Creating change with a board game

Author: Angeliki Giannakopoulou, EAEA

Originally posted in EPALE, on July 3rd, 2023

Recognising barriers, privileges and changing mentalities through a board game on creating and maintaining safe spaces!

When the SAFE project team got together we knew that we wanted to explore how systemic structures in our societies make us unsafe and find ways to create open and actual and holistic safe spaces in adult education. To do so we found that our liberating way through was to create our very own board game! 

The ERASMUS+ project SAFE-Safe spAces For lEarning, coordinated by EPATV from Portugal is running for almost three years now with partners from all over Europe, and more specifically, VHS Vienna, from Austria, DAFNI KEK from Greece, Patatrac from Italy along with the EAEA- European Association for the Education of Adults from Belgium representing the European perspective and the ICAE- International Council for Adult Education from Serbia tackling global developments.

Understanding what safe spaces are for us

To start with understanding what safe spaces are for us we agreed that we had to get together with our communities, as only when we come together we shape and maintain our safe spaces. The most essential of our findings through the process of the discussions with our focus groups was that safe spaces for us are our relations, our discussions and our places where we come together and communicate regarding our experience with marginalisation, learn, and engage in social and political matters against repression, and as such, this is our definition:

A safe learning space is a space which, either technically or emotionally, is meant to provide equal opportunities, representation and communication outlets for marginalised groups or persons in an environment of respect and understanding that eliminate oppressive behaviours, recognise the struggle and cultivates dialogue.

The concept of “safe space” that we use derives from the 1970s women’s, LGBT and racial movements and was originally used to name physical meeting places where like-minded people could meet and share their experiences in a safe environment. In adult education the concept of safe space concerns how learners and educators together recognise patterns that come through systemic exclusion due to gender, sexuality, race or their socio-economic status, and strive to create honestly diverse communities.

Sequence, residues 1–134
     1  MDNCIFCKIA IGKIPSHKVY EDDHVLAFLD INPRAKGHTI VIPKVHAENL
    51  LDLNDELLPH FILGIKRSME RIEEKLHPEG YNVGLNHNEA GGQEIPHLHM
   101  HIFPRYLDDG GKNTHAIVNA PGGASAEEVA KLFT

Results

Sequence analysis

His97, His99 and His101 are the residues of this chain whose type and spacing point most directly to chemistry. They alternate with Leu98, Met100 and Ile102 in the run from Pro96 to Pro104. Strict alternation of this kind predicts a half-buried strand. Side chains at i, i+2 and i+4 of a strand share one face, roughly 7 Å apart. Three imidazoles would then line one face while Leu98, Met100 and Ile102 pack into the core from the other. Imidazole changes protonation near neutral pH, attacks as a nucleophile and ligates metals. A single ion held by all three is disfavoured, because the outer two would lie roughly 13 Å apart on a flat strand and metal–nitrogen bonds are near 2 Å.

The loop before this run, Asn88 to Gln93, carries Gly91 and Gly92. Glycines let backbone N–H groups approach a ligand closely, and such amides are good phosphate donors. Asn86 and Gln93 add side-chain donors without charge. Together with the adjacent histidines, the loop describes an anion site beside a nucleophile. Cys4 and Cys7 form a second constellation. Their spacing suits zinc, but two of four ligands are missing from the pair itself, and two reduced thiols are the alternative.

Creating the SAFE Board Game

When designing our game we wanted all these ideas to be visible. To do that we decided that the goal of our boardgame would have to be the creation of a social contract between the players and their self, their learning community and their societies. 

To do that we agreed that the players could either play the game as themselves or as characters that are randomly assigned to them, by luck and the use of a dice. In both and any case, though we agreed that in this game, no one can win if even one stays behind!

To navigate the SAFE board the group will have to overcome challenges and reflect on why they do or do not face them, use tools to help their community and choose imperatives to include in their social contract.  

To help us create our challenges, tools and imperatives for the social contract we had to bring together the entire ALE community, and we are happy to say we did it! 

9 people discussing arounf tables with big white papers and colourful posti-it notes.

Figure 1: Group meeting on co-creating the SAFE Boardgame, organised by Patatrac in Aversa, Italy

Through our first piloting phase we were happy to welcome the very enthusiastic participation of diverse groups of adult learners, educators, and policymakers, and gather their actual statements which one can now find in the cards of our board game!